I would like to start using more of my cut squares for quilt tops once I get the family quilts done this year so I can practice free motion quilting on them. I did a lot of cutting while my machine was in for service so have stacks and stacks of them ready to use.

What I think is funny is how people respond to this kind of pattern as if it takes them back to quilts their Grandmothers made. 

Friday, March 6, 2015

And Here We Go

I am here. I count. This is what I think. This is what I do. Its always been about choice. I think the word "choice" is my most favorite. I like how it feels in my mouth, and I like how it feels in my life.

With a little over a week without the machine, I had a chance to take several of my projects to the next step. I wasn't born to sit around, so having that To-Do list on my sidebar helps me see what my plan is, and what comes next in each plan or project.


Thread loaded in the machine and several projects were moved to their next steps right after bringing it home. As I used fabrics that were given to me over the years, I created a lot of scrap quilts. This morning, I finished the back seams on three of them, pressed and folded them with their tops. They are in a bin waiting to be basted. Its interesting how this group uses up a lot of the fabrics in the same colors. Tops really look different.

I have a Tuesday appointment to baste the Blue J&J quilt. Each time a quilt gets basted, there are leftover sections of batting to join. My sewing machine repair guy said the machine is skipping, and so I used a thread that showed up enough on the batting for me to see what he meant.

When I thought about choice this morning, it was because he (machine repair guy) told me that most appliances, including sewing machines are built to last about 5 years. He said he got it as timed as good as possible, and that it will do fine with straight stitches for joining and struggle more with the heavier sandwiches of actual machine quilting. Mine is going to be 5 at the end of this year. He said its at the end of its life, so I have started looking for a replacement.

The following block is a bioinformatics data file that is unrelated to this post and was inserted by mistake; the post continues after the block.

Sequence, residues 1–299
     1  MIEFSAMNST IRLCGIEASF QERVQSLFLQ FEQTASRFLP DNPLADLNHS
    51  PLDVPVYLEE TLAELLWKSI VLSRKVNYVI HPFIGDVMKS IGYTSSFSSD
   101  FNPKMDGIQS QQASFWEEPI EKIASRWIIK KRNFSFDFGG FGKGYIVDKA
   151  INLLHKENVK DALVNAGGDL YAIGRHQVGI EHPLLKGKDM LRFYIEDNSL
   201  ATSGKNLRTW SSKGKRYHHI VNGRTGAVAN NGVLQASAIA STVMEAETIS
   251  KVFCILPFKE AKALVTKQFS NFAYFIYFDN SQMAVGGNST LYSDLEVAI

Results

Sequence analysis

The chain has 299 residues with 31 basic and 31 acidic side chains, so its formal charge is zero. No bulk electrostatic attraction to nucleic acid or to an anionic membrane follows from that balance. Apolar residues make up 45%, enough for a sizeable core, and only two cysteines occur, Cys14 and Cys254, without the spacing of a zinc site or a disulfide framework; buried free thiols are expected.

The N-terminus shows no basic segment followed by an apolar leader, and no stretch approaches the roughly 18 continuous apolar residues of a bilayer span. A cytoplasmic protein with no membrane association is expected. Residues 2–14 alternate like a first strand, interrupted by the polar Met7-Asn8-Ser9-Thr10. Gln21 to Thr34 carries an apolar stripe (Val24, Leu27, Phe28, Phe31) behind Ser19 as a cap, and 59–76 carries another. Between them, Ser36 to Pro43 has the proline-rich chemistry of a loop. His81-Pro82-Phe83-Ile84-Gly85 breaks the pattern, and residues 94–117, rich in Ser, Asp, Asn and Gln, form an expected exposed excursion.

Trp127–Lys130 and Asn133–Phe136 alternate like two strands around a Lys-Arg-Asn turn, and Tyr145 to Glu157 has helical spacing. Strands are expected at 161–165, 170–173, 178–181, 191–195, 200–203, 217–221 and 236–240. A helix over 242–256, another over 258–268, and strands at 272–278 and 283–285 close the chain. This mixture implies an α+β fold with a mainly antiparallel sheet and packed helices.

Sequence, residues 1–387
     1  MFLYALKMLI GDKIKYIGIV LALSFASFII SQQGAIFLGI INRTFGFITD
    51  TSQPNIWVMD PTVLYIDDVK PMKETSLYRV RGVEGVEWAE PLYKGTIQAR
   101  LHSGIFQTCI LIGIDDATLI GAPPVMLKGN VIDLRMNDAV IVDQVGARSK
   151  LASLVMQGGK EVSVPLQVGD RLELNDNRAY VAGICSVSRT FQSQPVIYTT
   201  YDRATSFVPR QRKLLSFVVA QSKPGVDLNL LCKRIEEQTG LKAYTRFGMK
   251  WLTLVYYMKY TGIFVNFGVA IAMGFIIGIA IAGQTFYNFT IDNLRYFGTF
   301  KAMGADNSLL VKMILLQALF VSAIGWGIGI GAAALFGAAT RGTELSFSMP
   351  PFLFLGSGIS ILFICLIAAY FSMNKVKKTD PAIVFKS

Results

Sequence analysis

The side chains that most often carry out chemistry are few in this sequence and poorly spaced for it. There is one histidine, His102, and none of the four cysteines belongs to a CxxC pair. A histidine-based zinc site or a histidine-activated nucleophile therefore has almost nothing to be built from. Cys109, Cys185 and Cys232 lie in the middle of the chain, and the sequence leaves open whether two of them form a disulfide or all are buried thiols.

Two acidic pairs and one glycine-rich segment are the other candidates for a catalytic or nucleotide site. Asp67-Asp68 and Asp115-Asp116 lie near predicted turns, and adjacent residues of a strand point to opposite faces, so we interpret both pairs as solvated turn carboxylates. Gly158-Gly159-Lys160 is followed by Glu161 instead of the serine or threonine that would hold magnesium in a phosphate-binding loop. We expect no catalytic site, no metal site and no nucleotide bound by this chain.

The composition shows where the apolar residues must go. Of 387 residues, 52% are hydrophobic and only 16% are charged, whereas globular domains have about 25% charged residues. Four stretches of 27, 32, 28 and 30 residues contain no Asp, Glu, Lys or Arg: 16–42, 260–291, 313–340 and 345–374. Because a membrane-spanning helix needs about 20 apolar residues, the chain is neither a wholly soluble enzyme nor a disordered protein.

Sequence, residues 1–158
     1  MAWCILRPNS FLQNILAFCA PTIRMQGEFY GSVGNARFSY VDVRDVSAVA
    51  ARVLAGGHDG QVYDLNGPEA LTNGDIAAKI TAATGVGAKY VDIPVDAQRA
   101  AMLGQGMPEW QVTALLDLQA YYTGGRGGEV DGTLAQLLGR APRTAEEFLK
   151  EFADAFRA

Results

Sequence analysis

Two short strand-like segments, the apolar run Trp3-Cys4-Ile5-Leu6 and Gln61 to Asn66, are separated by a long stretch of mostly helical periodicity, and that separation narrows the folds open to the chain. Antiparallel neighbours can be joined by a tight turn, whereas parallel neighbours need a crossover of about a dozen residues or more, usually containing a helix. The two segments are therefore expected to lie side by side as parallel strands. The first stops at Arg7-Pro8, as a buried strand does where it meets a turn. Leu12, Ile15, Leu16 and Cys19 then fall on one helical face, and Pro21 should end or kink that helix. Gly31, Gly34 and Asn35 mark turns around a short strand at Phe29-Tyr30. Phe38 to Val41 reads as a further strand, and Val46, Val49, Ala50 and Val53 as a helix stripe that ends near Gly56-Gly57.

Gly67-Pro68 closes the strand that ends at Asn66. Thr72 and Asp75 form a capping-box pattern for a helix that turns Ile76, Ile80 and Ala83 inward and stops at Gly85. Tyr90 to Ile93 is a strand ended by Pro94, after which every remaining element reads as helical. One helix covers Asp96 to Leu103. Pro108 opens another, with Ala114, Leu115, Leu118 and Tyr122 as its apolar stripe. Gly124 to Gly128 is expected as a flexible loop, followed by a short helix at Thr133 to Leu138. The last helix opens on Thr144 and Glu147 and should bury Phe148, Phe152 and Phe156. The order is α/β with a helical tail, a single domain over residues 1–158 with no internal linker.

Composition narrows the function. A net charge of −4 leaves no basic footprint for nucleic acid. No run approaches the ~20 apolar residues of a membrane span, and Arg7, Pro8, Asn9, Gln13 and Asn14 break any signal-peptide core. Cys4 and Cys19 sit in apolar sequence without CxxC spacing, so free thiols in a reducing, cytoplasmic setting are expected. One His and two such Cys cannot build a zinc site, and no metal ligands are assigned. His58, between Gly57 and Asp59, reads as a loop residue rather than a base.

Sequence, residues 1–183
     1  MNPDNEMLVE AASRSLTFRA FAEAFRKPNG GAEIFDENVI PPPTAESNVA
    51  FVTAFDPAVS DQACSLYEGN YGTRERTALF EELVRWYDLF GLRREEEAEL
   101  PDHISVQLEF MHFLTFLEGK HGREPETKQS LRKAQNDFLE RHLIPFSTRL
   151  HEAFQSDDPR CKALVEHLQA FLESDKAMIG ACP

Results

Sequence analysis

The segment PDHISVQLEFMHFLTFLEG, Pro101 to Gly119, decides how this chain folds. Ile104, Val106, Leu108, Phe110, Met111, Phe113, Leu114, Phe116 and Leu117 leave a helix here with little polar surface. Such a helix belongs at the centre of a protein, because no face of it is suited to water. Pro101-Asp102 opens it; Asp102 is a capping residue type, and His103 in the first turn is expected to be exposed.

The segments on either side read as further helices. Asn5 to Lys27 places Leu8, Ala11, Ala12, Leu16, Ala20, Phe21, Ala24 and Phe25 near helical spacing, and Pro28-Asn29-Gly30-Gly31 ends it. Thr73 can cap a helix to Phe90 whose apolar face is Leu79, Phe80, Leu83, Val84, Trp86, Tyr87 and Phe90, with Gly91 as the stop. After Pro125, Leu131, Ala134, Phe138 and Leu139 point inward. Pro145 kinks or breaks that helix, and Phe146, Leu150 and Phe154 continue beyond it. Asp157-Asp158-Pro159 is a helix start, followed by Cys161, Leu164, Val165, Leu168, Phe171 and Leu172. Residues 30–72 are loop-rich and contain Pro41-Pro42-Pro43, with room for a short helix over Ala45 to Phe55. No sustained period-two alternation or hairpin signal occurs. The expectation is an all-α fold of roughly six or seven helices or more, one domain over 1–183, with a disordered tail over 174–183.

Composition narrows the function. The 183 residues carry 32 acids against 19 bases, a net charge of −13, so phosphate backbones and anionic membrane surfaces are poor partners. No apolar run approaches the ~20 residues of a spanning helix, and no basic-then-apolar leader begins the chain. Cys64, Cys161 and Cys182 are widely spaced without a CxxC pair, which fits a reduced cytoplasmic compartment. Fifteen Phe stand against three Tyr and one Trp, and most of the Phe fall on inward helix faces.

I closed seam on the first Pet Bed. It has scraps from January and February and is a king pillow size. Its heavy. So the machine struggled with it. I did make three passes with the closing stitches, so there are threads to clip and its ready to ship.

All the choices I make for right here and now need to focus on what can be done. Everything I am working on that involves simple fabric joining without creating stress on the machine, has risen to the top of the To-Do list.

Thursday, March 5, 2015

Footprints Behind Us

Its been said that we all try to leave our footprints or some mark of who we are behind when we leave this plane of existence. Quilters leave fabric, UFO's, WIP's and quilts.

Just before my drive to the big city to pick up the quilting machine, I spent time basting a jelly roll batik strip quilt top.


These batik strips were part of the fabric from my friend Lee's estate. She used to sign up for door prizes, donated lots of money to various quilt guilds, and always seemed to win. My guess is that these strips were a prize because they are not her typical purchase. They were all pre-cut to 2.5" and were of varying lengths (jelly rolls). I just started kept making rows. Then I trimmed the sides and here it is, enough for a lap size & binding.

Lee didn't quilt in this simple style. Her quilt projects were one of a kind, and she made a lot of hand appliqued wall hangings, finding just the right piece even if it meant buying a 1/3 yard to get the one she wanted. Her hand work on all her small pieces was exquisite. She had an eye for beauty.

Though we may not be aware of it, people watch us. Most of my peeps watch me 2000 miles away. I live in Cali and they all live in Minnesota or Wisconsin. What we say and do, or don't say and don't do has an effect. Our words and deeds matter.

What I hope they see is that I keep going, keep doing the things I love, going exciting places, reading, writing, sometimes saying & doing wild things, and yes, quilting.

We never know what another person will take from seeing how we live, and so it comes down to always doing our best, and doing what we love.

Generations change and value different things in life. What worked for women in Lee's generation is not what works for younger people. I hear members of her family expressing the real love for her work now that her job is done. What I know is that her door was always open to me. She listened and helped me evolve in fabric arts. I get this whole concept of "Notes-To-Self" from her, just because she never left any. And when she passed, the women who went through her things spent hours trying to find the value in what they saw, and sometimes missed it.